Sybil Baker is the author of comical book The Life Plan, the dramatic novella Talismans, and recently, she’s released a third novel titled Into This World through Engine Books.
Into This World opens with a detail-packed introduction of the protagonist, Allison, a thirty-something divorcee who recently moved back in with her parents and is unsatisfied with the the state of her current life. She’s childless and still pining (fourteen years) over her married and womanizing asshole of a boss. The stress of her failed marriage and the distance of her lover infects her mind and body, resulting in heartbreaking consequences like repeated miscarriages and nightmares.
One evening, while Allison is sitting at the dinner table being mini-lectured by her parents about inexplicably giving up the stability of her job, her half sister Mina calls and quickly hangs up. The familial bitterness between the children and the parents is revealed early, and it’s easy to guess that Mina, the “adopted” daughter is actually Allison’s half sister, fathered when her dad did a tour in Korea. With some pressure from her parents, Allison decides to embark on an international excursion to reconnect with her half sister. Though a seemingly stereotypical tale of female suburban adversity, Allison uses the trip to rediscover who she is underneath all the layers of “coveting,” heartache, and misery, and also to find a connection with her distant sister.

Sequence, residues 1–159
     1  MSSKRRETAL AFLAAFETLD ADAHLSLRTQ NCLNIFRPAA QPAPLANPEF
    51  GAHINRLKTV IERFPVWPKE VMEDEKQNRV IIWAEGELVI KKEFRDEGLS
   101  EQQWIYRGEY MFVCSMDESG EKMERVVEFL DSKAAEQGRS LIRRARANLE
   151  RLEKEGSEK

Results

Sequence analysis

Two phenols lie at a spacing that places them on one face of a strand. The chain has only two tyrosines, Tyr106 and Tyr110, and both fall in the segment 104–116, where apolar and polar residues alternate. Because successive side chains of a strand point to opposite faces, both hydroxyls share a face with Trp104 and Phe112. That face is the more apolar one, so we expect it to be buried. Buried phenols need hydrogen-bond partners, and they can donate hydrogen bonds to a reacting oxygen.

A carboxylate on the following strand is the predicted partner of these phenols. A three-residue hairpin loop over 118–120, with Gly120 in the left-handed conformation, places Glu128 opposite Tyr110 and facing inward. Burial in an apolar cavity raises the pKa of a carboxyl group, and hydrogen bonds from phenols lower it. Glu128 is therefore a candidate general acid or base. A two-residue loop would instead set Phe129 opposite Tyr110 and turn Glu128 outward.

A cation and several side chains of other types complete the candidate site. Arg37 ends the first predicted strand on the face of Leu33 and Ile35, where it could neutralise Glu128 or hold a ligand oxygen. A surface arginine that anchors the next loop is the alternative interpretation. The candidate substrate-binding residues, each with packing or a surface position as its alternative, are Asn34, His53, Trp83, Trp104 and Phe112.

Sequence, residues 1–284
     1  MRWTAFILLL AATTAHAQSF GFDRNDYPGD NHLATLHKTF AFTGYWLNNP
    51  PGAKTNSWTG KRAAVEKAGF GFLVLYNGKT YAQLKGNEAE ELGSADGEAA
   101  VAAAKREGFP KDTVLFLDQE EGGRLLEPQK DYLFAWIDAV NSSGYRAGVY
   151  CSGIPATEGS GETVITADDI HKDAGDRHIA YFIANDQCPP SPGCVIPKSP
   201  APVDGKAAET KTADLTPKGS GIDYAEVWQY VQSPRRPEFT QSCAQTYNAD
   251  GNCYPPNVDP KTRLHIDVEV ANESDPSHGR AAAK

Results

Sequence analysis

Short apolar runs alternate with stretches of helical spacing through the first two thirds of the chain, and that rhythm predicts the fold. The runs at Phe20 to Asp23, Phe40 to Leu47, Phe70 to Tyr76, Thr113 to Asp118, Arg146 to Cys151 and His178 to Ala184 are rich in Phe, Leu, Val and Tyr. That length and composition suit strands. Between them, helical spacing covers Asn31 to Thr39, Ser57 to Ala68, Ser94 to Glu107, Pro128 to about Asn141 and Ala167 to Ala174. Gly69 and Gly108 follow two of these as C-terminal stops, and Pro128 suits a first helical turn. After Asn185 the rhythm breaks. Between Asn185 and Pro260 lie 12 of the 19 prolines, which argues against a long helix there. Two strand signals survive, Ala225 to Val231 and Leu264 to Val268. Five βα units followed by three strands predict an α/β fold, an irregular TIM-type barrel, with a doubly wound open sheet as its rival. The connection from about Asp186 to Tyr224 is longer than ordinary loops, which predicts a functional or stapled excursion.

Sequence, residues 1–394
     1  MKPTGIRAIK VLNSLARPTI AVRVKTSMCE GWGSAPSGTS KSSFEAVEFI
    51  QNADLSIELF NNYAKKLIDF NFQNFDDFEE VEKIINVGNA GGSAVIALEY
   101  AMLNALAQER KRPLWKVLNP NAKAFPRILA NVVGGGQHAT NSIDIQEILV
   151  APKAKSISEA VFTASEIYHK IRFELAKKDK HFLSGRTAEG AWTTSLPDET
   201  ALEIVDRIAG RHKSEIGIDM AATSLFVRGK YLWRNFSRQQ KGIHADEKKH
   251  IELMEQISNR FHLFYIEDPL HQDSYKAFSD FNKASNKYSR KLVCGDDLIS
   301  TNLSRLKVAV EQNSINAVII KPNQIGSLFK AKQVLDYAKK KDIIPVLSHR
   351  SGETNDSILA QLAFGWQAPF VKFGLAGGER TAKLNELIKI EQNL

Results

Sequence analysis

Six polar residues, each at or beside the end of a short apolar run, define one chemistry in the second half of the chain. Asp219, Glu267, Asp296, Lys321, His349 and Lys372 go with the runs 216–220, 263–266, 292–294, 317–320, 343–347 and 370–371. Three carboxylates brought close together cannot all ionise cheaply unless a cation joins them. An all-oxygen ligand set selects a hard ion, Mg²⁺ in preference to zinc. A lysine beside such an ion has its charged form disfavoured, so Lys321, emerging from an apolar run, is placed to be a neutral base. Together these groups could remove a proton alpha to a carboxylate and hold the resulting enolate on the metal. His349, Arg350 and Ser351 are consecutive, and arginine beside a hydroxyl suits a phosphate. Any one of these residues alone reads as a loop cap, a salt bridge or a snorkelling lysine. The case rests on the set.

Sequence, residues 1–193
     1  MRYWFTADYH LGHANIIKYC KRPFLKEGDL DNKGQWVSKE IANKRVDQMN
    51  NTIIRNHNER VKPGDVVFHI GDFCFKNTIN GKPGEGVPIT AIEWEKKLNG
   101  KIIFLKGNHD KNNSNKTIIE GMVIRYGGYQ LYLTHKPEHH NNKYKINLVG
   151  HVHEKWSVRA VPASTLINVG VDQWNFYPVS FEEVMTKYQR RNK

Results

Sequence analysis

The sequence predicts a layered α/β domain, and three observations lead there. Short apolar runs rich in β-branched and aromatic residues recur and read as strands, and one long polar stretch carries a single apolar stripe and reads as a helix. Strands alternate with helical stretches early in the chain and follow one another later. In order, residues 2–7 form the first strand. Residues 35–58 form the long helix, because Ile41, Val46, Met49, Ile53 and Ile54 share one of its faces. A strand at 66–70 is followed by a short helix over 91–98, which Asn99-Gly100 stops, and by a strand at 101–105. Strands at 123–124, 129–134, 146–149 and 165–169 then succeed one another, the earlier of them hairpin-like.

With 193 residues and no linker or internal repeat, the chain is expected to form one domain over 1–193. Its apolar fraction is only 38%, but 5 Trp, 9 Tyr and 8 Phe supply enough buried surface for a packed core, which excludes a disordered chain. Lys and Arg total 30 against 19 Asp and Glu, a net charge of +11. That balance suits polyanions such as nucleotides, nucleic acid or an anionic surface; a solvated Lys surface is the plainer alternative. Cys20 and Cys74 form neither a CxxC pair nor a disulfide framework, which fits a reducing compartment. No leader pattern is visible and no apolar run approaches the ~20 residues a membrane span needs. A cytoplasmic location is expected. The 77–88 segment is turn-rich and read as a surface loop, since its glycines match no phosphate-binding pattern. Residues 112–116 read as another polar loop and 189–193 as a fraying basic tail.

At times, the story does come off soap opera-ish, the opening is burdened with an information overload of character facts and histories. However, as the text continues, Baker presents the flashbacks through a succession of well-crafted chapters which jump between Allison’s present and her father’s life when he was stationed in Korea. During this time, he had an affair with a Korean woman and fathered a baby girl whom he eventually “adopts” and brings back to the US. Fast-forward through some family drama, interactions with a few secondary characters, ones I felt needed a bit more build and personality, and in the end, Allison forces the two lying men in her life (her boss and father) to face the consequences of their actions.
Baker definitely presents the “stranger in a strange land” storyline well as exhibited in Allison’s culture shock of Seoul’s city life, the language barrier, and differences in things as simple as the local stores and housing accommodations. On the flip side, Baker also hit the mark with Mina’s cultural and ethnic identity crisis of growing up half Korean with no real tie to her roots in Seoul.
Baker’s writing has definitely matured throughout the years which she exhibits in this finely crafted piece of literary fiction. Into This World was truly enjoyable to experience, its prose so engaging and polished that the pages turned themselves. Pick up a copy over at Engine Books and definitely check out Baker’s past novels The Life Plan and Talismans.